A sea square with stunning views and solemn decorations, from where you can take a walk through the Garibaldi garden with trees more than three hundred years old;
A truly legendary historical monument is the Massimo Theatre, which for centuries has borne the title of the largest theater in Europe in terms of capacity (it can accommodate 3,000 spectators). It is notable for its unparalleled acoustics and architectural execution in the neoclassical style with the addition of ancient Greek temple elements. The theater, designed by Giovanni Battista, had been under construction for 23 years, the creator himself did not see the end of the work and died, so the finishing touches had to be done by his son.
Official website: http://www.teatromassimo.it/eng/
Another item in our review of Palermo sights, but by no means the least interesting for travelers, is the Politeama Theater in the heart of the island’s capital. It was built surprisingly quickly (work began in 1867 and ended 7 years later). The building is characterized by neoclassical style, with similarities to the ancient Roman architecture. You can admire the beauty of the bronze sculptures and facade decoration, but also visit a modern art gallery or a music concert.
Official website: http://www.orchestrasinfonicasiciliana
The Puppet Museum of Palermo, where you can be a genius puppeteer or, conversely, be dominated by thousands of puppets on strings that are traditional in Sicily (the collection has 3,500 pieces). The founder of the museum is the talented surgeon A. Pasqualini, who in the seventies of the last century managed to realize the idea of creating a museum of various marionettes collected from all regions of the country.
Official website: https://www.museodellemarionette
A former monastery and now the Antonio Salinas Museum of Archaeology, which houses the church of St. Ignatius and the chapel of St. Philip Neri. The complex, designed by Antonio Muttone, was built in the 17th century and became a repository of ancient Greek and Phoenician art objects in 1866. It was named after one of its directors, who made a bequest and donated 6,000 pieces to the museum’s collection. Visitors are offered a variety of exhibits, but most of all tourists are interested in the monuments of prehistoric times and the results of excavations of the ancient settlement of Salinunte in the south of the island.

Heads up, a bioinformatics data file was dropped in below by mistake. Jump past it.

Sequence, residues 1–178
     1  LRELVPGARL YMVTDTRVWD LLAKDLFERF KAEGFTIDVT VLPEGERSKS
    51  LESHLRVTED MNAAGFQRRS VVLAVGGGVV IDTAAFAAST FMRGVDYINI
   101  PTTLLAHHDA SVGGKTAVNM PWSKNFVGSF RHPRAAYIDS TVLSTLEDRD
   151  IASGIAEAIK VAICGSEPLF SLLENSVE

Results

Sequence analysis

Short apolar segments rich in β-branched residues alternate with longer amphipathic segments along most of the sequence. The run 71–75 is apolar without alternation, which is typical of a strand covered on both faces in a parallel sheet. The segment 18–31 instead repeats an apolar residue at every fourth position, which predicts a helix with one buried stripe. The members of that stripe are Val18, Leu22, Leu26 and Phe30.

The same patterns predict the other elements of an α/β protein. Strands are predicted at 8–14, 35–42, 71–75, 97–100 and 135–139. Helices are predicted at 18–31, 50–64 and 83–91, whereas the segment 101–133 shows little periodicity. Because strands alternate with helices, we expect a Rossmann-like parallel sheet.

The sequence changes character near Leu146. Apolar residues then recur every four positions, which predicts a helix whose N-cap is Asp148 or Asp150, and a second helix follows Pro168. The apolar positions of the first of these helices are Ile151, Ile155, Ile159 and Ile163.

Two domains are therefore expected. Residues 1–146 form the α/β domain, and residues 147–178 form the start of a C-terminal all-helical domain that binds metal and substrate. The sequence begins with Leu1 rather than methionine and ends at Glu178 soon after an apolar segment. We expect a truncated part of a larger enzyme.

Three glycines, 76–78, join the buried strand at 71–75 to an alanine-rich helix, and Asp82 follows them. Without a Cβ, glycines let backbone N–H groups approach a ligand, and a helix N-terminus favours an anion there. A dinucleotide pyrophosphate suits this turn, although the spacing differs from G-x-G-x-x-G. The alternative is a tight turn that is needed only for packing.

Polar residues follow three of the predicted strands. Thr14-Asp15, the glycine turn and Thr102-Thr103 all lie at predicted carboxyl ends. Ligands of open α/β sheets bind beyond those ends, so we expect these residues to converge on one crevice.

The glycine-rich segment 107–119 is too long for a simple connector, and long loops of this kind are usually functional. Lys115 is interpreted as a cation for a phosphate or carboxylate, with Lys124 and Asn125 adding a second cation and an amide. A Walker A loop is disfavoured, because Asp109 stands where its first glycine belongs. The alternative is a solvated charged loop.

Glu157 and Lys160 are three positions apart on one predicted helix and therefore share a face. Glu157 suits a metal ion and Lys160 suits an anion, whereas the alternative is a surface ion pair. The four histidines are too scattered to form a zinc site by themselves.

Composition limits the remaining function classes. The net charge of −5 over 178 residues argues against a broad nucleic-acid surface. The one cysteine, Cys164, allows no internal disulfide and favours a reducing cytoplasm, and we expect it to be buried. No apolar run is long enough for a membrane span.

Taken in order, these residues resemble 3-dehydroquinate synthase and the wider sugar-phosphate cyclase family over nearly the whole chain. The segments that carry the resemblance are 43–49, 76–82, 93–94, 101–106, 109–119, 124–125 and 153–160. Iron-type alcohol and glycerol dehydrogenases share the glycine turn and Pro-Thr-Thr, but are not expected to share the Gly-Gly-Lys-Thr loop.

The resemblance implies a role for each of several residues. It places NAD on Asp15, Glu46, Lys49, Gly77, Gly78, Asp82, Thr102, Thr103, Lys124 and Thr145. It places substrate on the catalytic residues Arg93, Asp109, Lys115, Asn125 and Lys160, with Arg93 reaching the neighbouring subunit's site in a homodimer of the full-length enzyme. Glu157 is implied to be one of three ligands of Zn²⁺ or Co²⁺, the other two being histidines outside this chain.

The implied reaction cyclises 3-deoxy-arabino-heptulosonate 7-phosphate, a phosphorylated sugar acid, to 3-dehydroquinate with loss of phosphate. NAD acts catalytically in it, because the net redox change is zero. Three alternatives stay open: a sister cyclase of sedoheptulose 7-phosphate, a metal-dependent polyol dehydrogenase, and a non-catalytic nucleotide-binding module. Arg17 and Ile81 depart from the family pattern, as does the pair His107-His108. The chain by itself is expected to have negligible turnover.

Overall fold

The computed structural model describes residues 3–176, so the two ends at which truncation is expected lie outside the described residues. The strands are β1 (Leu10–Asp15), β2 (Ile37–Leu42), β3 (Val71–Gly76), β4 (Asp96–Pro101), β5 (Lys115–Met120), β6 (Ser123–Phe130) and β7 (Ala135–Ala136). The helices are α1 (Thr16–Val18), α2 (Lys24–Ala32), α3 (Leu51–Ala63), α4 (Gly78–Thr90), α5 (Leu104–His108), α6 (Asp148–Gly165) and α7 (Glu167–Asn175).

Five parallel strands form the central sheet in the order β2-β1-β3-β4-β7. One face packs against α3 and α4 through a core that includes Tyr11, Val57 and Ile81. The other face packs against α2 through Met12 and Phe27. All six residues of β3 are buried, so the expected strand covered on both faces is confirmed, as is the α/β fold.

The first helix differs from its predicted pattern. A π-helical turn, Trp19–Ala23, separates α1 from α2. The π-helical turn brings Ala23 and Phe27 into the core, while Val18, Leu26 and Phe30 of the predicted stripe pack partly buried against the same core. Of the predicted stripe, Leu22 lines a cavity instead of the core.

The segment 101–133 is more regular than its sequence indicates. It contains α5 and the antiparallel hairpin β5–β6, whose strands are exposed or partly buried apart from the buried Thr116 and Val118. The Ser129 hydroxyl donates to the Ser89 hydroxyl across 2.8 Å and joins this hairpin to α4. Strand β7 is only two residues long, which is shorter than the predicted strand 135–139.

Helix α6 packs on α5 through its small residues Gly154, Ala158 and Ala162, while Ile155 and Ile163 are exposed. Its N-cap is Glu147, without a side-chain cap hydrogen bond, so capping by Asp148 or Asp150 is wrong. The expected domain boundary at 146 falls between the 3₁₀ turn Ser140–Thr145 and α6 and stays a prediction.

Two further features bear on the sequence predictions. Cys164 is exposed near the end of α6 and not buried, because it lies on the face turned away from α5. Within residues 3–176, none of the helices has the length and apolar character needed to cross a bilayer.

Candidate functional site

The Catacombs of the Capuchins are mystical underground galleries containing over 8,000 unburied bodies that have turned into mummies since burial. The remains belong to members of the local elite: nobles, eminent scientists, top clergy, etc., some of them embalmed, another - in the form of skeletons, the third group consists of mummies. This is a unique museum where you can look at the sitting, standing, hanging bodies of the dead: there are those that are arranged singly, others that are combined in thematic compositions.
Official website: http://www.palermocatacombs.com/
Another interesting and unusual place is the Fountain of Shame, built in the sixteenth century in Piazza Pretoria. It got its unusual name because the sculptor decorated his baroque creation with sculptures of nude figures. It is noteworthy that the church nearby gave the order for the construction - its servants made the order in the hope that the fountain would be a salvation for residents from the summer heat. Despite general indignation, the structure was not demolished, but the townspeople, going to the service, were ashamed to look at it, which was the reason for the second name.
The fountain that symbolizes the city, called “The Genius of Revolution Square” or “The Genius of Palermo”, is the embodiment of the rich life of the Sicilian capital, where different cultures and ethnicities live. There are many legends associated with its creation, one of which is that the sculptor depicted a mysterious divine entity with a snake, which was the embodiment of Scipio the African. It is believed that it was thanks to her that the inhabitants were able to withstand an attack by the troops of Carthage. Subsequently, in the 19th century, the fountain became a gathering place for citizens who fought against the Bourbon power. A trip to the fountain will give you a deeper insight into the atmosphere of freedom prevailing in the resort and a better understanding of its inhabitants.